Last chance this term for the Supreme Court to stand up for immigrants in detention
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Astrid Morataya, a green card holder and mother of three, has lived in the United States since she was eight years old. Early one morning in 2013, at a time when she and her youngest daughter Jazlynn were preparing for her first day of kindergarten, immigration authorities knocked on her door and took her into custody. She was put in deportation proceedings for something she barely remembered: a conviction from almost twenty years prior for selling $10 worth of drugs. Even though she did no jail time for that offense, immigration detained her for the next two and half years while she fought her case. By the time Astrid was able to go home again, Jazlynn was in third grade.
This is the Obama administration’s legacy: a well-oiled detention and deportation machine, with a sprawling complex of over two hundred immigration facilities across the country in which a record number of people--now over 41,000--languish as they await their immigration fate. A civil procedure in name, yet wholly punitive in practice, detention subjects immigrants to jails and prisons where they are shackled, punished with solitary confinement for minor infractions, and in some places, denied all access to direct sunlight.
President-elect Trump has vowed to escalate this already vast and inhumane system and focus his efforts on deporting immigrants convicted of crimes. This includes people like Astrid, long-time lawful permanent residents with old convictions that warranted no jail time. The implications of Trump’s promise are terrifying: a massive expansion in immigration detention to the benefit of the private prison industry--whose stocks skyrocketed in the days after the election--and the ripping apart of countless families, forcing U.S. citizen children into the foster care system.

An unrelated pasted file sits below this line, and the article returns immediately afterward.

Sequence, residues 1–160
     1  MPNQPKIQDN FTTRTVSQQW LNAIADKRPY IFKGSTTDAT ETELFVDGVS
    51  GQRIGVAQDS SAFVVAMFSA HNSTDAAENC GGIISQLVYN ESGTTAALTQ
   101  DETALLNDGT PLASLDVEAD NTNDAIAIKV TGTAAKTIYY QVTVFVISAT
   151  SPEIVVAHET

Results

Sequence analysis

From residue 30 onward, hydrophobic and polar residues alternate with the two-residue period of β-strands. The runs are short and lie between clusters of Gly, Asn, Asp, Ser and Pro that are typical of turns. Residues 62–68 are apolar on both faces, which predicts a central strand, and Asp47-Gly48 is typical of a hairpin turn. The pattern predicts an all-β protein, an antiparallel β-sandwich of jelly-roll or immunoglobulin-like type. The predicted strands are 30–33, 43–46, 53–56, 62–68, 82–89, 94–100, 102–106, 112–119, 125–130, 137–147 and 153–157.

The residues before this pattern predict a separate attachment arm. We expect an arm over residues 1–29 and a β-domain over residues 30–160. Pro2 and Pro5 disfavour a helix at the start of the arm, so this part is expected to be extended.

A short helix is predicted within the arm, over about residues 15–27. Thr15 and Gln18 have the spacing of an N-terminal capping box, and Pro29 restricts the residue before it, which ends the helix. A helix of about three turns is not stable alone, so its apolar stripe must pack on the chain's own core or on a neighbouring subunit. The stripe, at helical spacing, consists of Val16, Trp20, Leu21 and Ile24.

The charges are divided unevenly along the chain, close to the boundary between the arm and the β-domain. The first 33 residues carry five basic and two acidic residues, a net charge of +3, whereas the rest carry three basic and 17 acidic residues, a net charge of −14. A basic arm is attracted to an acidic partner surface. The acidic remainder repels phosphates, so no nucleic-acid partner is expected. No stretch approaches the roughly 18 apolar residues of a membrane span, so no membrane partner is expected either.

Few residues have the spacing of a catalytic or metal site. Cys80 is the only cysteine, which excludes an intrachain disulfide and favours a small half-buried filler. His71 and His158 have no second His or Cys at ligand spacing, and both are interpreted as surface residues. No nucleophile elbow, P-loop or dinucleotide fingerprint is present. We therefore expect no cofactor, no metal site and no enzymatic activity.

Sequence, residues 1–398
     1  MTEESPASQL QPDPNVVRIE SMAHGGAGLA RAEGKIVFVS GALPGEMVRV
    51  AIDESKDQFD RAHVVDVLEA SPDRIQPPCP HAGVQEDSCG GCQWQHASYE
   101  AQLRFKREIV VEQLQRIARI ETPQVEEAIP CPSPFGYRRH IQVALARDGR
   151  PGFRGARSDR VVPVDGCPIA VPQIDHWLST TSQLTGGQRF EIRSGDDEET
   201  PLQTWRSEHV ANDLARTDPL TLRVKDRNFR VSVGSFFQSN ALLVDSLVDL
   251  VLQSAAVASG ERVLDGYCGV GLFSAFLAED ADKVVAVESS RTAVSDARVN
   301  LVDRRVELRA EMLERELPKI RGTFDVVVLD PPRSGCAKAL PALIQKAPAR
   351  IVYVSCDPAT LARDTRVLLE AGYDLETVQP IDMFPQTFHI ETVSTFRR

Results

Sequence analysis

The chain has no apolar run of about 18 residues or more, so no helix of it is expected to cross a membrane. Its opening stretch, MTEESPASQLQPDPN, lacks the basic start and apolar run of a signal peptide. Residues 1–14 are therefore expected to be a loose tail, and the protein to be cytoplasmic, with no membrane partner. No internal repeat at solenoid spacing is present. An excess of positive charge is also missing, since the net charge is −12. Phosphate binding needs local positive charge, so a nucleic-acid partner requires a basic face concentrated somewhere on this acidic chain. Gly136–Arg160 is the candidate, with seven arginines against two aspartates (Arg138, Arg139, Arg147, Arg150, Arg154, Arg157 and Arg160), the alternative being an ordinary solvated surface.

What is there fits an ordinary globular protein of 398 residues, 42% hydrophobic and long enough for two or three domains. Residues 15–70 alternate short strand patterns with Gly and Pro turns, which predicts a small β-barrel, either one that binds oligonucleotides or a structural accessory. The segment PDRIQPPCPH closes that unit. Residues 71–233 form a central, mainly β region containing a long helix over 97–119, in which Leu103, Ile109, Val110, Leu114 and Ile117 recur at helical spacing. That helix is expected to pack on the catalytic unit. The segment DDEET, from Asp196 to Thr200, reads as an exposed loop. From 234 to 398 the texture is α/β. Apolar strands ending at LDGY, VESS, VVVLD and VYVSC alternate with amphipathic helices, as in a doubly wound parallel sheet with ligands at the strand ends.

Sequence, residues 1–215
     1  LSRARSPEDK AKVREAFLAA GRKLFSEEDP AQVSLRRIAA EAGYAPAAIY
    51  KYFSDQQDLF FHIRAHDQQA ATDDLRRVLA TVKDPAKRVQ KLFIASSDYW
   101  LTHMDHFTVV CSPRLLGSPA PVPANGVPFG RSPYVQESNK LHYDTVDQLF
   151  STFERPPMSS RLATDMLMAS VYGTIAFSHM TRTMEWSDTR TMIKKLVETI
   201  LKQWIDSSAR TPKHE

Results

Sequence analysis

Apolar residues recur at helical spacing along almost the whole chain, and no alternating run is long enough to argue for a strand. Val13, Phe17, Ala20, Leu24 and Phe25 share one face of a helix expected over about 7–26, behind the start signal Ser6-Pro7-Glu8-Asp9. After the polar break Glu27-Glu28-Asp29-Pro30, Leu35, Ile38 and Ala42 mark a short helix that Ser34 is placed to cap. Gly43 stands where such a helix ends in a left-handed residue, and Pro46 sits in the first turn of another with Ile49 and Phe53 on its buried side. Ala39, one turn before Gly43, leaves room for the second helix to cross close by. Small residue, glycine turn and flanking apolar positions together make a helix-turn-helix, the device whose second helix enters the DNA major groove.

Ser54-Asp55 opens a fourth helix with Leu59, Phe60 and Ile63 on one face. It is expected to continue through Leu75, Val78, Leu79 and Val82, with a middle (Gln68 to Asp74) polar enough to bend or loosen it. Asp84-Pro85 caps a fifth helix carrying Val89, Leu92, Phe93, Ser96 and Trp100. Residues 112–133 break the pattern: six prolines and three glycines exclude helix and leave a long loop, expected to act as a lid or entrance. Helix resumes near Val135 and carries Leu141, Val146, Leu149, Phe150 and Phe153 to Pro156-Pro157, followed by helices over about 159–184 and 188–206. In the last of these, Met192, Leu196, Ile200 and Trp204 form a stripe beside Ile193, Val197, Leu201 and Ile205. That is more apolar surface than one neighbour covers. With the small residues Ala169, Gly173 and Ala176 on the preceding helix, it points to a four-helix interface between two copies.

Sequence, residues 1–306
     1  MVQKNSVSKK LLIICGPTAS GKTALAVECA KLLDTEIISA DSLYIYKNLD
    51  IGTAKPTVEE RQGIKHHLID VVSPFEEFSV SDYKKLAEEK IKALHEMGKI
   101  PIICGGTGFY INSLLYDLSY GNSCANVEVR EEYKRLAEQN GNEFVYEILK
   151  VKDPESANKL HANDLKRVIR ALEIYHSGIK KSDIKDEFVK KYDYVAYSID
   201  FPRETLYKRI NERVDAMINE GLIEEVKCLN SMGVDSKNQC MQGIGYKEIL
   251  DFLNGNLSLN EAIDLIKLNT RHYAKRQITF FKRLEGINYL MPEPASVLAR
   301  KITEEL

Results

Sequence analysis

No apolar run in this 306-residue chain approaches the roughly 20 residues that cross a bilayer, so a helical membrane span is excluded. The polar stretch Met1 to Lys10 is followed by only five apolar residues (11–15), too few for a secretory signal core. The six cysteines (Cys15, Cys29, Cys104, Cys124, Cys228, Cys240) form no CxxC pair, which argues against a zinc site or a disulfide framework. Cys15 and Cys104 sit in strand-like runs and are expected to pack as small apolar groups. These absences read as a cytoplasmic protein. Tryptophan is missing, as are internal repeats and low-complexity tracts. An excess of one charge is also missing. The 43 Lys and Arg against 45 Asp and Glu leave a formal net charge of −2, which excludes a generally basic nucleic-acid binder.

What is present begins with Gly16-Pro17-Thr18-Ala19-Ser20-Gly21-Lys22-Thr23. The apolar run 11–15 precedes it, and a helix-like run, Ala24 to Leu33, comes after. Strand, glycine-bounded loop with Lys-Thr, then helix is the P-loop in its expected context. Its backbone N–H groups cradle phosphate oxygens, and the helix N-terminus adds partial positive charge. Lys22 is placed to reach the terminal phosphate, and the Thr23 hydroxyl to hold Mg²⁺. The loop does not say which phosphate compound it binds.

If Trump intends to follow through on his rhetoric, we need the Courts and Congress to be unflinching in standing up for the rights and values that define us as a nation. Two days from now, the Supreme Court will be presented with the opportunity to do just that in Jennings v. Rodriguez.
Jennings challenges a particularly egregious aspect of immigration detention: our government’s practice of jailing thousands of immigrants for months and years without a day in court. In Jennings, the Supreme Court can affirm that people held in detention for six months have the right to a bond hearing where a judge can consider releasing them while their case is pending if their continued detention serves no legitimate purpose.
A bond hearing after six months of detention is a modest, but crucial, protection in an immigration system that tears apart families, needlessly incarcerates people with strong claims to stay in this country, and sends asylum seekers back to mortal danger, all at enormous cost to taxpayers. By upholding the right to this hearing, the Court can ensure that immigration laws are interpreted and applied in line with a core due process principle--that our justice system should not take away a person’s liberty without giving them a day in court.
Anti-immigrant rhetoric galvanized Donald TrumpDonald TrumpTrump hails Arizona Senate for audit at Phoenix rally, slams governor Arkansas governor says it's 'disappointing' vaccinations have become 'political' Watch live: Trump attends rally in Phoenix MORE’s campaign and fuels his darkest ambitions. Such rhetoric evokes the xenophobia that courses through our national story and has justified our most shameful episodes: Chinese exclusion, the Japanese internment recently cited as precedent for Trump’s proposed Muslim registry, and “Operation Wetback.” In Jennings, the Supreme Court can send an unequivocal message: those times are behind us, and detention centers are not Constitution-free zones where the government can lock people away with impunity. People like Patrick Thaxter, a chef and devoted father, whose young children were evicted during his three-year-long detention. People like Sylvester Owino, an activist who fled to the United States after surviving torture in Kenya and was held for nine years in immigration detention.
People like Astrid, who was finally released from detention and reunited with her daughter last year after winning her immigration case. Jazlynn turned nine in September. She went through kindergarten, first, and second grade without her mother by her side. Now, Astrid’s biggest concern is helping Jazlynn recover from their painful separation. She walks Jazlynn to school each day, joins her for lunch at the cafeteria, and takes her to the zoo on the weekends.
“I don’t understand why they needed to detain me” Astrid reflects.  “I had every reason to fight to keep my family together. I’ll never get back that time with my daughter.”  
Kristina Shull, Ph.D., is a Soros Justice Fellow at Community Initiatives for Visiting Immigrants in Confinement (CIVIC) and a Lecturer in History at UC Irvine.  Rachel Levenson and Terry Ding are student advocates in the Immigrant Rights Clinic at New York University School of Law.

The views expressed by authors are their own and not the views of The Hill.